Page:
SAN JUAN, PUERTO RICO -- When my crew and I woke up Thursday morning in San Juan, after Hurricane Irma had slammed Puerto Rico, the monster storm's fury was evident everywhere: Hundreds -- maybe thousands -- of downed trees were scattered all over the city. And a majority of the island's population, more than a million residents, were without power.
But I was still waiting to hear how the U.S. Virgin Islands had fared since the U.S. territory had been slammed by Irma on Wednesday. It was quiet. That silence was worrisome. But on our way to my live shot for "Good Morning America," I bumped into a pair of men who said they worked for the Department of Justice. They told us that St. Thomas and St. Croix had been hammered by Irma and that relief teams were being sent there to assist residents.
Around 11 a.m., we arrived at a private airport in San Juan in an attempt to get on one of the Coast Guard's initial flyovers of the U.S. Virgin Islands.
At the airport, I began speaking with an officer who pointed to two young women he had just rescued from St Thomas. One of them, Canadian college student Alex Demoor, 22 -- badly bloodied and confused -- was being put on a stretcher.
Alex's friend, Idaho native and college student Mattie Gortat, 22, was close to tears and looked traumatized. Mattie told me that Alex had fallen and hit her head around 6 p.m. the night before, but getting to the nearby hospital proved impossible: Let alone driving conditions, they were told that the hospital had been destroyed.
I exchanged numbers with Mattie as she and Alex got into the ambulance, as I planned to follow-up with them. Mattie called me an hour later, and it sounded like she was crying. They were at the hospital but had not yet seen a doctor and they were having trouble communicating with the Spanish-speaking hospital staff. She wanted to know if my crew and I could help. I said we're on our way.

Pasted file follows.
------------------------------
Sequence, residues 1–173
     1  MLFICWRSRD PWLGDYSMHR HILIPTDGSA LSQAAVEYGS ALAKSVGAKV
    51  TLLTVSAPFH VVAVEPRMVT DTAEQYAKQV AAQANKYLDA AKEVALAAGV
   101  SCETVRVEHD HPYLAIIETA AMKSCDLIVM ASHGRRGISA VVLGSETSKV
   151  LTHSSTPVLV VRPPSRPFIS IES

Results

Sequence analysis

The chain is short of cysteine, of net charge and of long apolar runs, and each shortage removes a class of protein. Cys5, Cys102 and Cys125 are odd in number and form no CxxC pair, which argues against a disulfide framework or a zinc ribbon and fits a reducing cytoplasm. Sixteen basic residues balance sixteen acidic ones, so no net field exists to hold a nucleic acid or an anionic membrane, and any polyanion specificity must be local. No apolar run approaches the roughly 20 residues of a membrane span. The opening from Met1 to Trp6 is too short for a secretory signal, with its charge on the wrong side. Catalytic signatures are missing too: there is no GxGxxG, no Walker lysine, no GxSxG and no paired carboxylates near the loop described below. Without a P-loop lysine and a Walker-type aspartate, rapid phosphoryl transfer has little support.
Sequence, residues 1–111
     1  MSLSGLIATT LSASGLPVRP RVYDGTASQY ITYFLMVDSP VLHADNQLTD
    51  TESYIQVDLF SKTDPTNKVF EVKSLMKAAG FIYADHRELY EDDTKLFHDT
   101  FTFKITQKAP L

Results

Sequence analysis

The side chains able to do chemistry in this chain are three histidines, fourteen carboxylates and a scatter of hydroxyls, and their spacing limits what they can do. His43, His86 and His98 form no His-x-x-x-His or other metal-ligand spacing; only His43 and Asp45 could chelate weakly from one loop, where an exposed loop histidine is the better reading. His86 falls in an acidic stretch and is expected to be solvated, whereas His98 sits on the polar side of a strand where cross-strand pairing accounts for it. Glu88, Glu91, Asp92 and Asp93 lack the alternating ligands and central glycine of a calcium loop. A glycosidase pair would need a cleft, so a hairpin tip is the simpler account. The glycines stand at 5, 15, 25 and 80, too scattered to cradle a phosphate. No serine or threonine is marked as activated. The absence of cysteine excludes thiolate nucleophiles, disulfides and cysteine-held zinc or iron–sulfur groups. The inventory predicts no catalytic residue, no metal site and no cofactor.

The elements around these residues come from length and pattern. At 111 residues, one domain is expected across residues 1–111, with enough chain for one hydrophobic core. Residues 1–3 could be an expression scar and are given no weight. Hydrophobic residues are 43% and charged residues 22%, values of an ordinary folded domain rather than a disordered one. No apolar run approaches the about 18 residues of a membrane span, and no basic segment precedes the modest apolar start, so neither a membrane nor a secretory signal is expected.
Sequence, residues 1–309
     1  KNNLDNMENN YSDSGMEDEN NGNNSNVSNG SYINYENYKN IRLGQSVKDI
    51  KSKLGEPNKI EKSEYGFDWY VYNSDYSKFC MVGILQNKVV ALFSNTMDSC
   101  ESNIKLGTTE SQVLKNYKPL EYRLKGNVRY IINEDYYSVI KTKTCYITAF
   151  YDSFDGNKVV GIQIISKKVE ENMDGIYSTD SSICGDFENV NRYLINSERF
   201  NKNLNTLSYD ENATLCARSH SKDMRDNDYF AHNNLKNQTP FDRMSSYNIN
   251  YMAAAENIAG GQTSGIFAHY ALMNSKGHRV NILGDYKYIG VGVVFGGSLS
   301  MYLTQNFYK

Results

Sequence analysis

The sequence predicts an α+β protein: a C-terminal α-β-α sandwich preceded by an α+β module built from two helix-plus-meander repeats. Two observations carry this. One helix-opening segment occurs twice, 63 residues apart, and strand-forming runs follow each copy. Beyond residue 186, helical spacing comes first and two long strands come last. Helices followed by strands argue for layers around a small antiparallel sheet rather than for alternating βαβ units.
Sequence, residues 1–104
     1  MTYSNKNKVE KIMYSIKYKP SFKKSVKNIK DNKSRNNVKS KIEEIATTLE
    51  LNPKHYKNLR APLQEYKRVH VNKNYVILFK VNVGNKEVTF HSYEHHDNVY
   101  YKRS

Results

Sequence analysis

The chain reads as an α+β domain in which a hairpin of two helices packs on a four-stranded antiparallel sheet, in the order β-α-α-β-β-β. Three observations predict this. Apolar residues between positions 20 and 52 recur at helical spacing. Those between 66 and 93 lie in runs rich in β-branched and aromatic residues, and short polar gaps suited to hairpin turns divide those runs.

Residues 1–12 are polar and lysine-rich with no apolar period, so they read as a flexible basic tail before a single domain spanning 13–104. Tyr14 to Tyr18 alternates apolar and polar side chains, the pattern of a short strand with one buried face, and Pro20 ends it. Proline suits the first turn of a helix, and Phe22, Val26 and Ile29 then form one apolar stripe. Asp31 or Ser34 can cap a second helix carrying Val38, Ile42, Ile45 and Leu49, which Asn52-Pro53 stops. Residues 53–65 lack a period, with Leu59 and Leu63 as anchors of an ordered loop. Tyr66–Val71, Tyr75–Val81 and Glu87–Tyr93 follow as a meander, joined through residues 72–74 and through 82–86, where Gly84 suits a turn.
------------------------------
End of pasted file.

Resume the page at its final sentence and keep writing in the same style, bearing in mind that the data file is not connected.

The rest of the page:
We arrived at the hospital, San Juan's Centro Medico, to discover a chaotic scene. The hospital was surrounded by countless downed trees and branches. The staff was so overwhelmed by power outages and injured patients, they had blocked off all the entrances to the emergency room and were refusing to allow in visitors. We watched dozens of people try to convince the security guard to allow them in to see their injured loved ones. The guard refused. We were also denied entry, but after a while, we managed to convince the guard that Alex and Mattie needed our help.
Once inside, Mattie told us they had left St. Thomas with just one pair of flip flops between them and a phone that was now low on power. Nothing else. We lent her a spare phone and charger and the girls called their families.
My Spanish-speaking producer Joshua Hoyos began acting as their translator. A doctor finally came, saying he would do CT scans of Alex's head. While we were waiting, the girls told us their terrifying story of riding out the storm in a private house. During the worst of the hurricane Wednesday afternoon, when the U.S. Virgin Islands experienced a peak wind gust of 131 mph, they said they got into a shower and covered themselves with a mattress.
It was scary, Mattie told me. She said the wind felt like the house was "breathing." All sorts of objects were flying around and hitting the walls, and even though the windows had been boarded up, some of those coverings flew off.
I asked Mattie if they thought they may die. "We cried here and there," she told me. "We just didn’t know if the roof was going to come off at any moment." Chimed in Alex, "We were praying."
When the worst of Irma was over, Mattie and Alex went outdoors to find complete destruction. All the homes in the surrounding area were destroyed, roofs had been ripped off, cars flipped over, downed power lines and trees were strewn everywhere, and animals were roaming the streets.
They showed my crew and I photos and videos they'd taken of the destruction. But they say around 6 p.m., Alex fell, smacking her head and face on the ground. She was in and out of consciousness. They got lucky because an ambulance happened to be on their side of the island, but the EMT couldn't take them to the hospital because it had been destroyed. Instead, they said he set them up at a restaurant on an air mattress and stayed with them overnight, until the U.S. Coast Guard arrived.
Just as we were about to leave Mattie and Alex, Centro Medico's back-up power supply failed, plunging the ER into darkness (photo below), triggering alarms on life-saving machines. Their terrifying ride was not over yet. We left them with that phone and charger, and told them to stay in touch with us. Last we heard Alex finally got her scans and the Canadian Consulate had dispatched its honorary consul to be by her side.